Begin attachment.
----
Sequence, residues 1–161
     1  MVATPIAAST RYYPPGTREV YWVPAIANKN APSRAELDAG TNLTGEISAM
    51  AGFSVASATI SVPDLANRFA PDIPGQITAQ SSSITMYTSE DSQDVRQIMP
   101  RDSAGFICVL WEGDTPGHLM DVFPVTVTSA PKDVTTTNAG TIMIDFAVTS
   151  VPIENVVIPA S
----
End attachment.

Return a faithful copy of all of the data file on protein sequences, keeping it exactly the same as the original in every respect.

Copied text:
Sequence, residues 1–161
     1  MVATPIAAST RYYPPGTREV YWVPAIANKN APSRAELDAG TNLTGEISAM
    51  AGFSVASATI SVPDLANRFA PDIPGQITAQ SSSITMYTSE DSQDVRQIMP
   101  RDSAGFICVL WEGDTPGHLM DVFPVTVTSA PKDVTTTNAG TIMIDFAVTS
   151  VPIENVVIPA S